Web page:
Limited recent evidence suggests that mIndy is regulated on the transcriptional level through changes in hormonal and/or nutritional status, such as with lipid gavaging or long-term fasting (6,13,15). Moreover, previous studies have demonstrated that the hormone glucagon markedly contributes to the uptake of citrate from the plasma into the liver (16). It is thus plausible to hypothesize that glucagon is a hormonal regulator of mIndy transcription and/or activity, increasing the uptake of citrate by the liver and thereby affecting hepatic intermediary metabolism.

Research Design and Methods

Animal Experiments

For fasting studies, animals were fed ad libitum on standard rodent chow leading up to the experiment. The night before the start of the experiment, food was removed in one group but was left in the control group. In the morning, rats were killed and livers were taken and kept snap-frozen in liquid nitrogen until analysis. For citrate uptake experiments, 10 µCi of [14C]-citrate was injected intraperitoneally 1 h before rats were killed. Uptake of citrate was normalized to protein. For the type 2 diabetic (T2D) rat model, rats were then given a 175 mg/kg dose of nicotinamide by intraperitoneal injection; after 15 min, rats were then dosed with 65 mg/kg of streptozotocin (STZ) (17).

Rats were given 4 days of a recovery period and randomized for blood glucose values before the first cAMP-responsive element–binding protein (CREB) or control antisense oligonucleotides (ASO) injection. Rats with overt diabetes (defined by a glucose value greater than 200 mg/dL) were excluded from the study. Body weight and food consumption were monitored weekly. The food consumed consisted of an HFD (26% carbohydrate, 59% fat, 15% protein calories), in which the major constitute is safflower oil (17), to mimic most closely the situation in a T2D patient. CREB ASO or control ASO was injected at 75 mg/kg semiweekly for 4 weeks. Liver tissue was harvested after an overnight fast and immediately snap-frozen after the animals were killed with a deep isoflurane narcosis. All procedures were approved by the Yale University School of Medicine Institutional Animal Care and Use Committee, the animal care and use committee of an accredited Pfizer vendor, or the Landesamt für Umwelt, Gesundheit und Verbraucherschutz (LUGV) Brandenburg.

Hepatocyte Preparation and Culture

Rat hepatocytes were isolated from healthy male Wistar rats as described previously (18). Hepatocytes were snap-frozen for subsequent RNA preparation or luciferase assays or were used to determine [14C]-citrate uptake.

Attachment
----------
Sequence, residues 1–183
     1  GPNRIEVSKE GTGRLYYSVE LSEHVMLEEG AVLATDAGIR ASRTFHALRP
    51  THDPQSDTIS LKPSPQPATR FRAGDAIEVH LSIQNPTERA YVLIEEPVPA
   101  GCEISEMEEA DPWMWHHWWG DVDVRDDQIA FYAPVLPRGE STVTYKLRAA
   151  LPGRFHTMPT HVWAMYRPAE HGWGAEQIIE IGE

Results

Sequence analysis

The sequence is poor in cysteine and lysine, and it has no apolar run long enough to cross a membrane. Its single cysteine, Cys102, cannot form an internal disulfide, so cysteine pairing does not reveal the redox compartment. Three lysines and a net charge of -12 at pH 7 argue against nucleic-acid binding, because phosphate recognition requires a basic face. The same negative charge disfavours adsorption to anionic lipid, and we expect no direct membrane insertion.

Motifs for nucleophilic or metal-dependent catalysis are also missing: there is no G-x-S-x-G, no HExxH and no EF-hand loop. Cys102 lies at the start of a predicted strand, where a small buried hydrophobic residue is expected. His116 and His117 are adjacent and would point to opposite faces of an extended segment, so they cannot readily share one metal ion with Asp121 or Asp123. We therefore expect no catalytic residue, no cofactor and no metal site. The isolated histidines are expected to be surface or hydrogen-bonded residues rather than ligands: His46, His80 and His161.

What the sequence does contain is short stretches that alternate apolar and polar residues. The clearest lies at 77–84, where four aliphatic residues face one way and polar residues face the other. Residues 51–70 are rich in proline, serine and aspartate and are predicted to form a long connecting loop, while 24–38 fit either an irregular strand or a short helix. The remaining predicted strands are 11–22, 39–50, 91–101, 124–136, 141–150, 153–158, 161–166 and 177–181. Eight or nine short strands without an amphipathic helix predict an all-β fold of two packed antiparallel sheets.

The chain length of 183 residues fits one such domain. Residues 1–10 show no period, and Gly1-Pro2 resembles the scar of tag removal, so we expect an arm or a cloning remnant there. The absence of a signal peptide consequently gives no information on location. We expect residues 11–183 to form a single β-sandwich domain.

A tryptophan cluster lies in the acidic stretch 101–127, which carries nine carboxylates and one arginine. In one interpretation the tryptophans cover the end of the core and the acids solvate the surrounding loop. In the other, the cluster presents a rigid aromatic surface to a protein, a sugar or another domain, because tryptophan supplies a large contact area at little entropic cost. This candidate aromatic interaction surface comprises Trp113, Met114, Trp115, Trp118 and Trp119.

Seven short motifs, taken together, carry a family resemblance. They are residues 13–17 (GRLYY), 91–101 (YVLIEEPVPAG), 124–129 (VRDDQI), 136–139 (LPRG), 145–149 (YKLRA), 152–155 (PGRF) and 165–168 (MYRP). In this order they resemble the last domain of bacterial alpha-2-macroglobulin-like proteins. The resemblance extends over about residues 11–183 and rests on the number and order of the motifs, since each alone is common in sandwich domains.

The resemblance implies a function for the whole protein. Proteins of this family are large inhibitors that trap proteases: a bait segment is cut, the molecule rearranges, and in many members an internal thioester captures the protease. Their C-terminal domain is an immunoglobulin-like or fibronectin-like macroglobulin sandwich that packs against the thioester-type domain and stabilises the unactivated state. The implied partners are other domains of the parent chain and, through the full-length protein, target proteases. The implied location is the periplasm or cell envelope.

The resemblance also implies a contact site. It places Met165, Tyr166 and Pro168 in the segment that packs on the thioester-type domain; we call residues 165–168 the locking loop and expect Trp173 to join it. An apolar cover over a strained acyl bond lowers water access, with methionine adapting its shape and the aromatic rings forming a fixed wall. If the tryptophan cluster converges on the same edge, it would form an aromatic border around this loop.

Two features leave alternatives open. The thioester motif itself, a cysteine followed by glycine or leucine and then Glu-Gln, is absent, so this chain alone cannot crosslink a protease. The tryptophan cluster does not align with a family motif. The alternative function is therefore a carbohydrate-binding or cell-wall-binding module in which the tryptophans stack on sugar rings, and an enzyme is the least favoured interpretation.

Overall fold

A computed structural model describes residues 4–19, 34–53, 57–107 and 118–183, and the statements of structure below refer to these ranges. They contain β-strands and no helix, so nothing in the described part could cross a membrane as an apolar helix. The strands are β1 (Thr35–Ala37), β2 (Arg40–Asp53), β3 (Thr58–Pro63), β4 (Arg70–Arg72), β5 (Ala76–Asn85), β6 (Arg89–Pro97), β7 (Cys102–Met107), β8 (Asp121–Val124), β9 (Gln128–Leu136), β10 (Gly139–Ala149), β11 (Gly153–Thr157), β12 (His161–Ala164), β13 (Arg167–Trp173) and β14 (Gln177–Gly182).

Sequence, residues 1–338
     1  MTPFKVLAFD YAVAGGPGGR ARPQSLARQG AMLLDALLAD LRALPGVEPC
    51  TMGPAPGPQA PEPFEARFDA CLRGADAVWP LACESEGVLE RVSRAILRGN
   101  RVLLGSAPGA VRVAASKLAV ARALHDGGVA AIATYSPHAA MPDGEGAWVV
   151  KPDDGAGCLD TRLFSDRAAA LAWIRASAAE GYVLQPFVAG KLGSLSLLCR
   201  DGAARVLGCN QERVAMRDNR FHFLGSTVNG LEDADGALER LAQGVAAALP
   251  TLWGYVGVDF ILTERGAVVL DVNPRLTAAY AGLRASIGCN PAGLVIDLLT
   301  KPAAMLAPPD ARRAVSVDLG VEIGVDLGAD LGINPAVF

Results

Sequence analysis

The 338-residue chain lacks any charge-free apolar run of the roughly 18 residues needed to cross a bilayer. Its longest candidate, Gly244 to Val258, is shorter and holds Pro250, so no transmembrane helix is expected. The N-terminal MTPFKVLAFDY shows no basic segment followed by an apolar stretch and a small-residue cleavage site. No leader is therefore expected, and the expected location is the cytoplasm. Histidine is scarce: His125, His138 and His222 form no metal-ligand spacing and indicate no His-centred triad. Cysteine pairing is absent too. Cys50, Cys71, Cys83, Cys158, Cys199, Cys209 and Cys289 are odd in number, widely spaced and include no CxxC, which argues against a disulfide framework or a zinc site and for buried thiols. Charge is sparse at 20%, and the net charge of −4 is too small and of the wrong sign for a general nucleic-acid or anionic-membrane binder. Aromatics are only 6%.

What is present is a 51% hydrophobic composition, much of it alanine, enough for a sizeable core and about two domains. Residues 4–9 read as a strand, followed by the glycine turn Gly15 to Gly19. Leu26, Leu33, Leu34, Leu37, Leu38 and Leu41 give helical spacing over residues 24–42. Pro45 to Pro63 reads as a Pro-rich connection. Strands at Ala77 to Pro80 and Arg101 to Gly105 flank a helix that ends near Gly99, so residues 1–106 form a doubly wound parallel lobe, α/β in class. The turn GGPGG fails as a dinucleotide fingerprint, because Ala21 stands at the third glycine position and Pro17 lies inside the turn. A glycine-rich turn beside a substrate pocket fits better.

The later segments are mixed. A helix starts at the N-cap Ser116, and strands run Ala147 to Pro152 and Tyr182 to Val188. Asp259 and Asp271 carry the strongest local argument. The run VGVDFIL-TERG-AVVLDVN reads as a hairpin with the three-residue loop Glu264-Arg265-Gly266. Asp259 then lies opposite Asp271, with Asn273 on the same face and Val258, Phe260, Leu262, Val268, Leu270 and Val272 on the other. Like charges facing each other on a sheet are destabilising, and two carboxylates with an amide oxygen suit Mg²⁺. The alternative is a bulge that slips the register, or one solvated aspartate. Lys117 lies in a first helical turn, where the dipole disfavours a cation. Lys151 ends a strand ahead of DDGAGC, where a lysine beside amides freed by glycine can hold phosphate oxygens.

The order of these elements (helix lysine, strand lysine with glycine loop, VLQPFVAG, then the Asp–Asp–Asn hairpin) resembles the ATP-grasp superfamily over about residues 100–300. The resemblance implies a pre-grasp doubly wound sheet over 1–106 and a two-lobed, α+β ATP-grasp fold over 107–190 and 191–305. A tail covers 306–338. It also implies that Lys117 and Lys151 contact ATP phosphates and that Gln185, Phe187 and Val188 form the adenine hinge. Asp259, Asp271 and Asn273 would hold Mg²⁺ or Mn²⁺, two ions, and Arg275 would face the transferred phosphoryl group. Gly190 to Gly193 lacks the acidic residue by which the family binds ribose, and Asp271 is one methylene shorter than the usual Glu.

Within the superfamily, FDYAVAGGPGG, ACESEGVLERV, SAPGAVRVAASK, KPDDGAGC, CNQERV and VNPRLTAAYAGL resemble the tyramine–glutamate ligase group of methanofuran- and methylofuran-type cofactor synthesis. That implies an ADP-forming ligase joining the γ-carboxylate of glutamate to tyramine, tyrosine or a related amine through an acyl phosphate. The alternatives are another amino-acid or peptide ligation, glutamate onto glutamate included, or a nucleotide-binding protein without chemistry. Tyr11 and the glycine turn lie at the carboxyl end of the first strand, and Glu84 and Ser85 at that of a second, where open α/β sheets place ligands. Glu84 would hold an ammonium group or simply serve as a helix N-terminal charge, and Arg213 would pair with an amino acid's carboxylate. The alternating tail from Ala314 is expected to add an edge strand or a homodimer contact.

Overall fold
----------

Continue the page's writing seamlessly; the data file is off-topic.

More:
Real-time RT-PCR

Total RNA was isolated from rat hepatocytes, and 1–5 µg total RNA was reverse-transcribed into cDNA. Real-time PCR was carried out using the oligonucleotides used are listed in Table 1. The expression level was calculated as an n-fold induction of the gene of interest (int) in treated versus control cells with actin (act) as a reference gene according to the formula: fold induction = 2(c-t)int/2(c-t)act.

Table 1

Oligonucleotide primers

Western Blot

Immunoblots were performed as described (19).

Determination of [14C]-Citrate Uptake in Rat Hepatocytes and Gluconeogenesis From Citrate

Hepatocytes were treated with 0 or 10 nmol/L glucagon for 8 h, as described above. At the end of the stimulation period, they were washed twice with uptake buffer (25 mmol/L HEPES/NaOH [pH 7.5], 140 mmol/L NaCl, 5 mmol/L KCl, 1.8 mmol/L CaCl2, 0.8 mmol/L MgSO4, and 5 mmol/L glucose) and then incubated at room temperature in the same buffer containing 16 μmol/L [14C]-citrate for 15 min. Nonspecific transport and nonspecific binding were determined in the presence of a 1,000-fold excess of unlabeled citrate. Cells were washed twice with ice-cold uptake buffer, and cell-associated radioactivity was released by lysing cells in 0.3 mol/L NaOH (400 µL) in 1% (w/v) SDS and counted.

To determine gluconeogenesis, 1 µCi/mL [14C]-citrate was added to the culture, which was continued for 2 h in presence or absence of glucagon. Glucose in cell culture supernatants was separated from citrate by anion exchange chromatography on Dowex formiate.